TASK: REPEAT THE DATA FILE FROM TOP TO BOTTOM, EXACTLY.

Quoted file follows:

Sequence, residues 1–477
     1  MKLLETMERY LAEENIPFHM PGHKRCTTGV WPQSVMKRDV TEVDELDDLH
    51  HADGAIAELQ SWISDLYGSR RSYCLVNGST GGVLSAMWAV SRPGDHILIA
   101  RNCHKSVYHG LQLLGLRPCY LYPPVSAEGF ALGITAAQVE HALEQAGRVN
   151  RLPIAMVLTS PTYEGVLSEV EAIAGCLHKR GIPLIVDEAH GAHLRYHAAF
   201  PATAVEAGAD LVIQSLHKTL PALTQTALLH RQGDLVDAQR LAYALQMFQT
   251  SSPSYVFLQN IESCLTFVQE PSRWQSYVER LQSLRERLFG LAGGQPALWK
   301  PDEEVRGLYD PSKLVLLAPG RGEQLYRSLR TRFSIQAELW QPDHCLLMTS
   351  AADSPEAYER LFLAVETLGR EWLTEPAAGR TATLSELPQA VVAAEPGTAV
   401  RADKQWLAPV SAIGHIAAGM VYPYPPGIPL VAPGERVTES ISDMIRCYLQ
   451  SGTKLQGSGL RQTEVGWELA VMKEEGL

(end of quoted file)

Sequence, residues 1–477
     1  MKLLETMERY LAEENIPFHM PGHKRCTTGV WPQSVMKRDV TEVDELDDLH
    51  HADGAIAELQ SWISDLYGSR RSYCLVNGST GGVLSAMWAV SRPGDHILIA
   101  RNCHKSVYHG LQLLGLRPCY LYPPVSAEGF ALGITAAQVE HALEQAGRVN
   151  RLPIAMVLTS PTYEGVLSEV EAIAGCLHKR GIPLIVDEAH GAHLRYHAAF
   201  PATAVEAGAD LVIQSLHKTL PALTQTALLH RQGDLVDAQR LAYALQMFQT
   251  SSPSYVFLQN IESCLTFVQE PSRWQSYVER LQSLRERLFG LAGGQPALWK
   301  PDEEVRGLYD PSKLVLLAPG RGEQLYRSLR TRFSIQAELW QPDHCLLMTS
   351  AADSPEAYER LFLAVETLGR EWLTEPAAGR TATLSELPQA VVAAEPGTAV
   401  RADKQWLAPV SAIGHIAAGM VYPYPPGIPL VAPGERVTES ISDMIRCYLQ
   451  SGTKLQGSGL RQTEVGWELA VMKEEGL